A young man remarked in one of my classes that he longed to get married and stay married to the same woman forever, but because his own parents hadn’t been able to manage it, he was afraid to get married at all. Women show signs of avoidance, too, but in a more conflicted way. According to a survey commissioned by the Independent Women’s Forum, 83 percent of college women say marriage is a very important goal for them. Yet 40 percent of them engage in “hooking up”—physical encounters (commonly oral sex) without any expectation of relationship whatsoever. Do you hear a little cognitive dissonance there? Can you think of a sexual behavior less likely to get you into marriage? The ideology of hooking up says that sex is merely release or recreation. You have some friends for friendship and you have other friends just for hooking up—they’re called “friends with benefits.” What your body does is unrelated to your heart. Don’t believe it. The same survey reports that hooking up commonly takes place when both participants are drinking or drunk, and it’s not hard to guess the reason why: After a certain amount of this, you may need to get drunk to go through with it.
The fact is that we aren’t designed for hooking up. Our hearts and bodies are designed to work together. Truly, don’t we already know that? A writer who interviewed teenagers who hook up supplies a telling anecdote. The girl Melissa tells him, “I have my friends for my emotional needs, so I don’t need that from the guy I’m having sex with.” Yet on the day of the interview, “Melissa was in a foul mood. Her ‘friend with benefits’ had just broken up with her. ‘How is that even possible?’ she said, sitting, shoulders slumped, in a booth at a diner. ‘The point of having a friend with benefits is that you won’t get broken up with, you won’t get hurt.’”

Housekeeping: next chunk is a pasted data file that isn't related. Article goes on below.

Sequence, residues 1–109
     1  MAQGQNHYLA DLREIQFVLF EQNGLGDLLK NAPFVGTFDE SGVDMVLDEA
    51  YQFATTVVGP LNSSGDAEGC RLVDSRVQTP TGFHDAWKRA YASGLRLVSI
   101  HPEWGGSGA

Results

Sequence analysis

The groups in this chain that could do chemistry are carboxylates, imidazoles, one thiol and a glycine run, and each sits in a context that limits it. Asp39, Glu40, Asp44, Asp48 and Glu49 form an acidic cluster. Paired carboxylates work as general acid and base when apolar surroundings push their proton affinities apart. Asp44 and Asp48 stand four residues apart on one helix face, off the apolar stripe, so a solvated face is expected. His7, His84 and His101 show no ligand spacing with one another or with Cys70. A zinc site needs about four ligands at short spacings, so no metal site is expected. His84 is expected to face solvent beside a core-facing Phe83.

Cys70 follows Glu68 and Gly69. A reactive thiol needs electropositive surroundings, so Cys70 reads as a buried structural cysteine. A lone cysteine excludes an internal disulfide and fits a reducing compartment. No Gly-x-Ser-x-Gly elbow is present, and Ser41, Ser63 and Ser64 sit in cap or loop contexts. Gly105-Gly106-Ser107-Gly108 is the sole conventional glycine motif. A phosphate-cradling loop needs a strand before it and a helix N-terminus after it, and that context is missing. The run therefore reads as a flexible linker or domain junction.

But let there be no mistake: When I say we aren’t designed for this sort of thing, I’m not just speaking for females. A woman may be more likely to cry the next morning; it’s not so easy to sleep with a man who won’t even call you back. But a man pays a price, too. He probably thinks he can instrumentalize his relationships with women in general yet remain capable of romantic intimacy when the right woman comes along. Sorry, fellow. That’s not how it works. Sex is like applying adhesive tape; promiscuity is like ripping the tape off again. If you rip it off, rip it off, rip it off, eventually the tape can’t stick anymore.
Dr. Budziszewski concludes his article with two important sections that summarize his response to “Western sexuality … that … flouts the embedded principles and the inbuilt meanings of the human sexual design.” “Why Hooking Up Is Letting You Down” was originally published as Chapter 2 in On the Meaning of Sex (Intercollegiate Studies Institute, 2012).
“Why Hooking Up Is Letting You Down” was republished as part of a recent symposium conducted by Intercollegiate Review. Here’s a list of articles that have appeared in the “Sex and the Polis: Perspectives on Marriage, Family, and Sexual Ethics” symposium.
· Ryan T. Anderson, The Social Costs of Abandoning the Meaning of Marriage
· John Zmirak, Legalize Christian Marriage, Too
· J. Budziszewski, Why Hooking Up Is Letting You Down
· Michael Bradley, Can Pornography Teach Us About Love?
· Jason Jones, I Lost My Daughter to the Culture of Death
· Chris Damian, Defining Marriage Isn’t Defending Marriage